I never thought I’d see the day when a country album sat at the top of the UK all-genre album chart. Even more so, I never thought I’d see a British country act at the top. Ward Thomas have done it – an unheard-of achievement that has taken everybody by surprise. It’s a wonderful statement for country music in the UK after such a promising summer of festivals. A few years ago, this would have been pie in the sky. Supported by Sony Music who have clearly gone to town on the promotional side of things, Ward Thomas could be the trailblazers for the immense up and coming home-grown talent in the genre.
Does it live up to the hype? In parts, yes. In parts, no. Does it continue the familiar raw, traditionally-orientated sound of their debut album ‘From Where We Stand’? In parts, yes. In parts, no. It’s a real mixed bag. When I saw them headlining at Buckle & Boots Festival not too long ago, I was surprised at the heavy pop influence in much of the new material they performed. Having heard the new album in its studio form, it still leaves me with that same feeling. However, there are also a number of highlights that are classic Ward Thomas and will keep the loyal fans happy.
‘Carry You Home’ is the exception to my previous point. It’s poppy, mainstream and slightly artificial. But it has to be said, this is a real anthem and despite having only been released a couple of weeks before Buckle & Boots, the place was rocking when this one kicked in. Drastically different to anything they’ve ever released in the past, but it was an exciting introduction to the duo’s slightly different direction.
The title track ‘Cartwheels’ is the stand-out track and I’ve been desperate for the studio version ever since I heard it at C2C in 2015. Their performance on the satellite stage was a real goose bump moment; it’s sublime and it allows Catherine and Lizzy to show off their vocal prowess like never before. “I’ve been doing Cartwheels, anything to save us, anything to make you notice me”. Hard-hitting, powerful lyrics that many will surely relate to. Nothing more required than a couple of acoustic guitars and some beautiful strings towards the end. The best song they’ve released to date.
‘Good On You’ follows suit and is arguably the next chapter in the story after ‘Cartwheels’. The duo truly reaches their full potential with their ballads and with simplistic backing, which gives them the freedom to tell a story and take us to another place. The track has a Girl Crush-style guitar backing and the girls (Lizzy predominantly, on lead vocals) pour out their heart and soul beautifully in an incredibly deep, emotional track, conveying the heartbreak with such power. An album full of this kind of material would be an absolute delight.
Unfortunately, there are a few tracks that just don’t bring out the best in them. Catherine and Lizzy have the ability to be such fantastic songwriters as we know, but “look at her hair, look at her make-up runnin’, I guess somebody had a good time last night. Aren’t those still the same clothes? Wonder if her boyfriend knows” on ‘When It’s Not Me’ just doesn’t do it for me. There are times on this album where they target the Maddie & Tae, Kelsea Ballerini vibe; I wish they would just stick to what they do best and give us hearty, raw country. The same could be said for ‘Boomerang’ which didn’t require much imagination – “You got me spinning like a boomerang, I keep on coming back to you”. Having said that, it’s infectious and you’ll have it stuck in your head for the rest of the day. But being the lyrics fanatic that I am, it doesn’t really cut the mustard.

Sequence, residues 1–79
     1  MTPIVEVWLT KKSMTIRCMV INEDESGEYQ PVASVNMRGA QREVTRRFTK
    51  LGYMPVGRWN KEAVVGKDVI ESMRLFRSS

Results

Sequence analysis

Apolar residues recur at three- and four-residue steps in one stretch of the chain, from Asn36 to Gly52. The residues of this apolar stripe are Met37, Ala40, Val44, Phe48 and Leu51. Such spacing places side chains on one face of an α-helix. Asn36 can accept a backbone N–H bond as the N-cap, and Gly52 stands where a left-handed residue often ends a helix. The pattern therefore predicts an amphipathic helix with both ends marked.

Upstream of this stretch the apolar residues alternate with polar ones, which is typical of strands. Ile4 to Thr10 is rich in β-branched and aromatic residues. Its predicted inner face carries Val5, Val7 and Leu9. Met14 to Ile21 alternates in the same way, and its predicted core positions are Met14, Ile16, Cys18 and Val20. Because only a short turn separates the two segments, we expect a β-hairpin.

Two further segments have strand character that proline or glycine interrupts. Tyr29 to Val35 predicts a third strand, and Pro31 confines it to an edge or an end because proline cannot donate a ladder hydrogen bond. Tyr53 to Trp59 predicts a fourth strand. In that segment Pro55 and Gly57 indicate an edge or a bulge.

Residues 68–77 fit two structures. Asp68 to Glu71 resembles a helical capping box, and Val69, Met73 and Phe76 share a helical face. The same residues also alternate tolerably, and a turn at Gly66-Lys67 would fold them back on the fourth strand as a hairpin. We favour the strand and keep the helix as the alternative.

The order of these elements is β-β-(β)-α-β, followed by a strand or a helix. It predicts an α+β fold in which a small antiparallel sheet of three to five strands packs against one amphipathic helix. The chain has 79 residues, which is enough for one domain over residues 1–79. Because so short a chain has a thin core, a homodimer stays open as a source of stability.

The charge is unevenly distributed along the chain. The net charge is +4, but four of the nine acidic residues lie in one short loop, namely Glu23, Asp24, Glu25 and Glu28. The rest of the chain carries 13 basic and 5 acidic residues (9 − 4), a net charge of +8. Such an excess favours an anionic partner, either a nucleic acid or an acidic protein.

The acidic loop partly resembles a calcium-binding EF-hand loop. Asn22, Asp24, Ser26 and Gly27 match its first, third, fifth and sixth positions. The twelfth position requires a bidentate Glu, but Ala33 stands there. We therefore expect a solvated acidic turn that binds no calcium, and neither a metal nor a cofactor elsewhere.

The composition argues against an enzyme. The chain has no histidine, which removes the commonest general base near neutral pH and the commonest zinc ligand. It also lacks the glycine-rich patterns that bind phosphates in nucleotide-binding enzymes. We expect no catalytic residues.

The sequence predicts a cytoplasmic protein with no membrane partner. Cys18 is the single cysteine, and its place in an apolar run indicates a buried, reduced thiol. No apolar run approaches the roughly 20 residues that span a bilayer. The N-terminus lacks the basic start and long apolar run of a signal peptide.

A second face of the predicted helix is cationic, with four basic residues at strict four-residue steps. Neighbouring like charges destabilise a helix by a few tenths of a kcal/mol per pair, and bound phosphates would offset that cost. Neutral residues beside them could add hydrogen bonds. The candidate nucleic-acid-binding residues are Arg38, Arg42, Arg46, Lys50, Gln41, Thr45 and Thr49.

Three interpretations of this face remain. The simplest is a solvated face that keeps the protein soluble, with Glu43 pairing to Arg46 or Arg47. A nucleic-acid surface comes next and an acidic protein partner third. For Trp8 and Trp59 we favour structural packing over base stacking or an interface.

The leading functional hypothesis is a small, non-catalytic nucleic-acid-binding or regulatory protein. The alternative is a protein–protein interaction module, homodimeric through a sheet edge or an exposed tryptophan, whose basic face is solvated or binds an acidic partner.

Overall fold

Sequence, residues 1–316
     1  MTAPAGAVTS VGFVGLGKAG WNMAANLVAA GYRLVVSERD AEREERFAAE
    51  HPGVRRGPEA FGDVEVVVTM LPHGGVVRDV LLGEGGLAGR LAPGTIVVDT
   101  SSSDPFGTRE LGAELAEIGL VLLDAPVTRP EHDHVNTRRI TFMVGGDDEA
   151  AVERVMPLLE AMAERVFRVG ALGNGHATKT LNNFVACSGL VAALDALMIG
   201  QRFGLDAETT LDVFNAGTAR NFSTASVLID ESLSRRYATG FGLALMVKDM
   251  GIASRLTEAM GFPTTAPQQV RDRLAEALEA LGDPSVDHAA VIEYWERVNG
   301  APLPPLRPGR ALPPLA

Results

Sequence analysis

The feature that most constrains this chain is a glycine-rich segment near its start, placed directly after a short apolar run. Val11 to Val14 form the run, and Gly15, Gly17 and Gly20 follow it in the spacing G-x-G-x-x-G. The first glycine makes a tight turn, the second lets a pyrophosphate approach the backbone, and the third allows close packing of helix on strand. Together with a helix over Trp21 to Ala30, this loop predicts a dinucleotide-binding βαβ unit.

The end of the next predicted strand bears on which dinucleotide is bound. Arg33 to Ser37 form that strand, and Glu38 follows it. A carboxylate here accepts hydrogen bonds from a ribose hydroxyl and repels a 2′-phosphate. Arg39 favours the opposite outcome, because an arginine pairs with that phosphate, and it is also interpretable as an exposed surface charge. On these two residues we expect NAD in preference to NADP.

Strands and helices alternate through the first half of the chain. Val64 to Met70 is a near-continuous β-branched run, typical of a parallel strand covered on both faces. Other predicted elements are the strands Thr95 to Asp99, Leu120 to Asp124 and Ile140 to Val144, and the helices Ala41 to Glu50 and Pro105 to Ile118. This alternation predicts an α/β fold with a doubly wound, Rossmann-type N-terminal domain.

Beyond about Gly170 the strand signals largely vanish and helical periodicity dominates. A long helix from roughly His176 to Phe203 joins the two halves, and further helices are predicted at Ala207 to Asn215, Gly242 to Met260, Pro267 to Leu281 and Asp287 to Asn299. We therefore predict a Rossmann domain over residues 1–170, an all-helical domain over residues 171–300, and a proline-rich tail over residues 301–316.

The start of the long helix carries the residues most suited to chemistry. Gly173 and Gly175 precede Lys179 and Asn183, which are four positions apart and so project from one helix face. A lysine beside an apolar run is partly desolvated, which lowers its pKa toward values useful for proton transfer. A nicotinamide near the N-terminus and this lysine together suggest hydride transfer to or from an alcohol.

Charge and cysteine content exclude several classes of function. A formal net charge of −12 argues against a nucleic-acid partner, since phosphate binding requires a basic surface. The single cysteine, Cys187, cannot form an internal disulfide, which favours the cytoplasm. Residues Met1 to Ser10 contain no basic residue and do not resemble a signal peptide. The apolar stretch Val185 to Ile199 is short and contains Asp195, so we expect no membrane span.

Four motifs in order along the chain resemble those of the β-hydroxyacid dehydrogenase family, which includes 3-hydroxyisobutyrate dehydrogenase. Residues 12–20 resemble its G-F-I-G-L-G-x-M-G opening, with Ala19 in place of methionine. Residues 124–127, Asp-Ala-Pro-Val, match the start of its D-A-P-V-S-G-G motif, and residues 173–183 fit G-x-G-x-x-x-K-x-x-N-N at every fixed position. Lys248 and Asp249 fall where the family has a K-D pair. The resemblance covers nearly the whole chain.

The last 3 tracks are much needed and remind us of Catherine and Lizzy’s immense talent. ‘Proof’ brings us back to the good old Ward Thomas days; it would fit onto the debut album seamlessly. A beautifully simplistic country melody with a refreshing, optimistic tale of finding love. This is followed by ‘Who I’m Not’, a reflection on life and an acceptance of one’s self, refusing to let others influence who you are as an individual. Another gentle ballad that allows their vocals to take the spotlight and blow us away.
The album finishes with ‘Safe’, an ambiguously-written story based on somebody who has survived through difficult circumstances. This is in a different league to any of the mainstream attempts thrown in throughout this sophomore project. “You don’t have to be quiet and you don’t have to feel ashamed. This is not your war to fight and you’re not to blame. I know you’ve been stumbling, searching for a place to hide and heal, somewhere you can rest, forgive yourself and feel….you’re safe here”. A gorgeous track that draws you in to the heartbreak of the person in question and leaves you craving more from the story. That’s how you finish an album in style.
Overall, a very commendable effort from Ward Thomas. It’s amazing what a record deal with Sony Music can do isn’t it? The production value throughout, thanks to Martin Terefe and Jimmy Hogarth, is stunning, and it’ll be difficult (and very expensive!) for unsigned UK talent to match the quality of it. As discussed, the quality of the songs themselves is questionable at times but there’s enough ‘great’ here to outweigh the ‘forgettable’. It’s a great time for UK country music at the moment and hopefully Ward Thomas’ success can be replicated by a few more of our talented artists. Ben and Crissie, your turn next!
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